Other People’s Money

We have a recurring lungful of union corruption (HSU, AWU), the disinterment of Roozendal-Macdonald-Obeid deals, Mr Tinkler’s largesse with his creditors’ cash, union misuse of superannuation control, ¬†unfunded Federal dental, NDIS, pension, and Gonski schemes, and an array of bureaucratic taxes and social policies that blithely assume away their impact on businesses and consumers (child care NQF, carbon tax, Federal RET…).

What all have in common is self-interested decisionmaking using other people’s money. It’s not just corruption: vote-buying, big-noting, featherbedding, gold-plating and moral grandstanding all get a kick on from other people’s cash.

We should expect nothing less. When people have nothing at stake, well, they’ll make decisions that suit themselves. Those benefits may be financial, as in basic corruption, cronyism or management overspending. They may be political, as in sectional vote-buying or look-over-there social policy. And they may simply be about self-concept and social status, as in some of our more preening social policy researchers or policy entrepreneurs.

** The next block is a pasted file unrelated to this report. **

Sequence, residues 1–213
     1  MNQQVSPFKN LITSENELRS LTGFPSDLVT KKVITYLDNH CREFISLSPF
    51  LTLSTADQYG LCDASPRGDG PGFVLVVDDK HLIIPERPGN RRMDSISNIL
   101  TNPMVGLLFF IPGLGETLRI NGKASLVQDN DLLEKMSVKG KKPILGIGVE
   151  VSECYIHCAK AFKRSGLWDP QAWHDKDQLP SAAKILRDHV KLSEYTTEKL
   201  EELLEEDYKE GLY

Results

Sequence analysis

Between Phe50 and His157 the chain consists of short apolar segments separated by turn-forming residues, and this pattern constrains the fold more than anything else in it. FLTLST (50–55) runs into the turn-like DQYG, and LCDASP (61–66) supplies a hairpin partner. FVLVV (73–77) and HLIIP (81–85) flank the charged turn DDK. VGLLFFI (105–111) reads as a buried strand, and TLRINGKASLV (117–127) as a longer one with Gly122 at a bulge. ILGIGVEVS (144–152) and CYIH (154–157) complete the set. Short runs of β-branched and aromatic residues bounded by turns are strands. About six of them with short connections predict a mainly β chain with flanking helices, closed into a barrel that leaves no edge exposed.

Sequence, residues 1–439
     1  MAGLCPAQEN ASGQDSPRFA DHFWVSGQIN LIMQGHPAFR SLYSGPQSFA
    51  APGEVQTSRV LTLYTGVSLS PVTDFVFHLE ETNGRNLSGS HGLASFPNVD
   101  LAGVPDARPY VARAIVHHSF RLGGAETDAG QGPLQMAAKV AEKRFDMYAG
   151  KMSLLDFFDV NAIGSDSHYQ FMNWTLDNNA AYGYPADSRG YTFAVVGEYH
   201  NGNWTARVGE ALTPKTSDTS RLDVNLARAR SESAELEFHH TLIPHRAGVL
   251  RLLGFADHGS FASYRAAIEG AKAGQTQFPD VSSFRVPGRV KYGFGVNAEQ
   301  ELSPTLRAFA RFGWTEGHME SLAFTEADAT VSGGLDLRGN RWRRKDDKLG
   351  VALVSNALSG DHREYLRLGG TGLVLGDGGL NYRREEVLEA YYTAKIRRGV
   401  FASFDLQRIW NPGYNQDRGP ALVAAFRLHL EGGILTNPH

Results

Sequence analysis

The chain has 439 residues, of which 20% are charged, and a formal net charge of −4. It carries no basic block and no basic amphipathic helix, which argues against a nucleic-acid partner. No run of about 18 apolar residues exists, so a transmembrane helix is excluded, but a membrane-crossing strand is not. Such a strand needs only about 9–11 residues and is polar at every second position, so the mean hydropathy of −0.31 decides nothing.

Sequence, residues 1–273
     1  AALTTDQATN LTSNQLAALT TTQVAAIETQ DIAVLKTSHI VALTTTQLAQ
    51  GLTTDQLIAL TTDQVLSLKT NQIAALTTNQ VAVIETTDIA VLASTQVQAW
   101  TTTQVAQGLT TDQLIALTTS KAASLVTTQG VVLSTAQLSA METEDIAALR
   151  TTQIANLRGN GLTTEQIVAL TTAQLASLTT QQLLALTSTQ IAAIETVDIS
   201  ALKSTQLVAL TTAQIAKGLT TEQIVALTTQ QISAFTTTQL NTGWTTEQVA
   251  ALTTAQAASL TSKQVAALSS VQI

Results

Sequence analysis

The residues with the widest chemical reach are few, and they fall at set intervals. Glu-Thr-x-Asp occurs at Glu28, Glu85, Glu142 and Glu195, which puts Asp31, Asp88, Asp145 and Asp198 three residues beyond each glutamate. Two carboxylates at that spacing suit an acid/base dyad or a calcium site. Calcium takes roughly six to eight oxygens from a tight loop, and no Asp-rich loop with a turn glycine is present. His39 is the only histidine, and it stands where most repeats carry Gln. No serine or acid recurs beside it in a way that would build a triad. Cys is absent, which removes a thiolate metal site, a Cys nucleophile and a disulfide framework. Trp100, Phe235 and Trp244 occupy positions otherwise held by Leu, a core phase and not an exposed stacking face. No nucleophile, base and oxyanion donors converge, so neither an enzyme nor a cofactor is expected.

When people have access to cash taken or raised from others – tax, super, shareholders’ equity, union dues – it is the essence of having nothing at stake.

Lest I be accused of going easy on corporate Australia, major listeds behave in similar ways with shareholders funds, but it is so normalised as to go unreported.

This should be the focus of governance questions, but isn’t. “Governance” has been all the rage for almost a couple of decades, but as with every organisational fad that the academy, bureaucracy and legal profession get their hands on, it has emerged as another set of formulaic rules for compliance professionals to fret over.

I grew up seeing kleptocracy as a third world phenomenon. How childish I was. Like Satan convincing the world he didn’t exist, the greatest achievement of those misusing other people’s money is to convince the world, and themselves, that they’re actually doing the right thing.

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